Via Monte, 7
Pietrelcina, Benevento
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Nothing in Italy is older than Benevento, which according to local legends was founded either by Diomede or by Ausone, a son of Ulysses and Circe.

  Edward Hutton, Naples and Campania Revisited, 1958

The location

Located in a strategic position straddling between the two coasts of south Italy, the city of Benevento is an historical stop for travelers and pilgrims.

It rises at the confluence of the Sabato and Calore rivers, and it was perhaps also for this reason that the Egyptian cult of the Goddess Isis flourished there in the first century as it did in the newborn Turin between the Dora and the Po rivers.

Surrounded by the mythical Samnite countryside it faces the Dormiente del Sannio, that is the ridge of the mountains of Taburno which assumes from this side the profile of a sleeping woman.


Greeks, Samnites, Romans

Some traditions, as the quote from Edward Hutton testifies, attribute the birth of the city to the Achaean hero Diomedes to whom the myth attributes the foundation of many Italian cities after the Trojan War.

The first name of the city seems to have been Malies and was found on some coins of the IV and III centuries BC and associated with Apollo Maloesis, guardian of the cattle, but more likely it is of Osca and Samnite derivation.

The Samnites in fact made Malies famous with the defeat they inflicted to the Romans in 321 BC at the Caudine Forks. After this episode the Romans named the city Maleventum and following the victory against Pyrrhus in 275 BC they renamed it Beneventum.

It was reached by the Via Appia and became one the main hubs on the road to Brindisi.

At the time of Nero the amphitheater already existed, Domitian erected the temple of Isis, Traiano the homonymous arch and Adriano the Theater.

The Via Traiana also will start from the Arch of Trajan, passing through Paduli and Buonalbergo reaching Brindisi with an alternative route to the Appia Antica.

The trades that moved on these routes helped to make Benevento the second most populous city in southern Italy after Capua.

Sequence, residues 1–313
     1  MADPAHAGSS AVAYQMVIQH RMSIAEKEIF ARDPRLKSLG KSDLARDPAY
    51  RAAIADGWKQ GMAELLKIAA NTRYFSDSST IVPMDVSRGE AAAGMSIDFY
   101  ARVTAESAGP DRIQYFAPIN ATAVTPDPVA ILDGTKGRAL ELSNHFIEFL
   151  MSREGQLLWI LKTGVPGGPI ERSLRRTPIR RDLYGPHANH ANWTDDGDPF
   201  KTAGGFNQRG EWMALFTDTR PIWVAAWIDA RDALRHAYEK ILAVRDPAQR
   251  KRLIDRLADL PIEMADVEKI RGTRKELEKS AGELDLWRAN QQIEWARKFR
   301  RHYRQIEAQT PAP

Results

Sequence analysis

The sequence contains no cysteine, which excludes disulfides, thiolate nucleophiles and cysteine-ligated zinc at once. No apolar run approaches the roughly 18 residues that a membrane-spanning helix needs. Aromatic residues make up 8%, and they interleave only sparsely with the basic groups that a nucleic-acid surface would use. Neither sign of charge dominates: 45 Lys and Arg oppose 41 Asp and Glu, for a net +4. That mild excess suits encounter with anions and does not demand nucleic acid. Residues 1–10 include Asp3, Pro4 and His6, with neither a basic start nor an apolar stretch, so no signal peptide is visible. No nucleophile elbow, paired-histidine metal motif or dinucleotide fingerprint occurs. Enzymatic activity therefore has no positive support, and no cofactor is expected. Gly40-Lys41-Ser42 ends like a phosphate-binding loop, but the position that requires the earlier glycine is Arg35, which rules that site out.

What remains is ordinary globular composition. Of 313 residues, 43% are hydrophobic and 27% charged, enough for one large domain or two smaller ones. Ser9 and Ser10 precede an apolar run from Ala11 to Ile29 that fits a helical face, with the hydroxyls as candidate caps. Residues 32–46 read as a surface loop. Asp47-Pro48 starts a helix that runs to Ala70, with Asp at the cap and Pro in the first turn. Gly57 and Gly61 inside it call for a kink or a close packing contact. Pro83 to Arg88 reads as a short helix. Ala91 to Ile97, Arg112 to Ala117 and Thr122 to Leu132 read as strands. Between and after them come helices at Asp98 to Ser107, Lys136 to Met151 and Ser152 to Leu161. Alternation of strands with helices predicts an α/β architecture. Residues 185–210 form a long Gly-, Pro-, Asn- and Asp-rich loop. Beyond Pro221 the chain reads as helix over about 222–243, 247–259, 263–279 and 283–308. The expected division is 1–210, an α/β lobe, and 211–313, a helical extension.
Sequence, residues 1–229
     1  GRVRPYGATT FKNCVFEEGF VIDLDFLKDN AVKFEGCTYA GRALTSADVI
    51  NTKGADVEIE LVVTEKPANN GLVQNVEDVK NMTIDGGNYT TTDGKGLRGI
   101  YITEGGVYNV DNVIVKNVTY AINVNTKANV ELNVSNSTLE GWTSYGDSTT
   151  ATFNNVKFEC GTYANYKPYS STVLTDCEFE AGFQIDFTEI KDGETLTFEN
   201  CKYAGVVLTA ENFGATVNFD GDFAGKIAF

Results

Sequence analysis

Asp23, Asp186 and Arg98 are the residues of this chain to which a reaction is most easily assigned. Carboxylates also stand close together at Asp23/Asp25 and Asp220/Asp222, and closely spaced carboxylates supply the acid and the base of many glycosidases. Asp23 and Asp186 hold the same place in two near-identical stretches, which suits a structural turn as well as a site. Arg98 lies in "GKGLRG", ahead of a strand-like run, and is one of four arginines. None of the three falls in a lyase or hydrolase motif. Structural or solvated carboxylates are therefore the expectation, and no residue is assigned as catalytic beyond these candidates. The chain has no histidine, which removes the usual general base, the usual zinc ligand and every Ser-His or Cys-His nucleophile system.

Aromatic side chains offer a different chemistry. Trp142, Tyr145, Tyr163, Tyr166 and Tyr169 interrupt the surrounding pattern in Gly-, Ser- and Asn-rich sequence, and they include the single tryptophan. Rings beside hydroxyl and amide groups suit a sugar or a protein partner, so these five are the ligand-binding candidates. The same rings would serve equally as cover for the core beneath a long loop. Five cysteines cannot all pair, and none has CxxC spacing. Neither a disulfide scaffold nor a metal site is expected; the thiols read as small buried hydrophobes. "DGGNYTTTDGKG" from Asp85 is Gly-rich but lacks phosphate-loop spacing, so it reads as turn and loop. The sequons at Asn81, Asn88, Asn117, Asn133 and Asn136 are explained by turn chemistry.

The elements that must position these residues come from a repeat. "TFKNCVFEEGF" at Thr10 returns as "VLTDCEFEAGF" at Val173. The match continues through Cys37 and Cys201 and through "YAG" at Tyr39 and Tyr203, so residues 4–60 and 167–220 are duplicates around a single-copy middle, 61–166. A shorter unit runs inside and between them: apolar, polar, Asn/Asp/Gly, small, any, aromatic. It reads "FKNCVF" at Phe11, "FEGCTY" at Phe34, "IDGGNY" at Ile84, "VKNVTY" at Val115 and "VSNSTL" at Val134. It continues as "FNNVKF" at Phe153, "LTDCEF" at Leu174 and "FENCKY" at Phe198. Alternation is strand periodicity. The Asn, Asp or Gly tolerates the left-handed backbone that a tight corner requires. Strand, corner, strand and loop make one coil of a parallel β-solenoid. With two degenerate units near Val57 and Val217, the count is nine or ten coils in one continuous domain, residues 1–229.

The Lombards

The city became an episcopal seat in the IV century, elevated to archdiocese in 969 with the Archbishop Landolfo.

The crisis of the Western Roman Empire and the subsequent collapse set the city on a slow decline:

  • 369 devastated by a terrible earthquake
  • 410 invaded by Visigoti
  • 455 overrun by Vandals
  • 490 taken from the Goths
  • 536 freed by the Byzantines Romans of Belisarius
  • 545 sacked by Totila's Ostrogoths

In 571 the Lombards founded the Duchy of Benevento which together with the Duchy of Spoleto, formed the Longobardia Minor.

One of the first interventions was the rebuilding of the walls destroyed by Totila.

Thus began the period of maximum splendor of Benevento with the expansion of the Lombards who took possession of the former Byzantine dominions.

In 774, with the conquest of Longobardia Maior by Charlemagne, the Duke Arechi II can raise the domain of Benevento to Principality expanding the city with buildings such as the magnificent church of Santa Sophia and a princely palace whose remains of the internal court constitute today's Piazza Piano di Corte.

The power of the principality arrives to conquer Amalfi and impose taxes to the city of Naples.

The Papal Domain

The conquest of the city in 1053 by Robert Guiscard, leader of the Normans, set the decline of the duchy which becomes pontifical domain up to the unification of Italy.

[...] Had this text divine Been of Cosenza's shepherd better scann'd,
Who then by Clement on my hunt was set,
had this face well read in God,

Yet at the bridge's head my bones had lain, Near Benevento, by the grave mora Protected; but the rain now drenches them,
And the wind drives, out of the kingdom's bounds, Far as the stream of Verde, where, with lights Extinguish'd, he remov'd them from their bed.

  Dante Alighieri, Divine Comedy, Purg. c. III, v. 126-129

With these verses from Purgatory, Dante redeems the memory of the pluri excommunicated Manfredi of Sicily, whose tomb was violated with the consent of Pope Clement IV and the body scattered on the Verde river (today known as Liri), after the defeat in the Battle of Benevento of 1266 by Charles I of Anjou. Placing him in the Purgatory the Supreme Poet shows his aversion towards the political instrument of excommunication.

While remaining loyal to the Angevins during the succession war for the kingdom of Naples, Benevento was conquered in 1440 by Alfonso of Aragon.

Modern history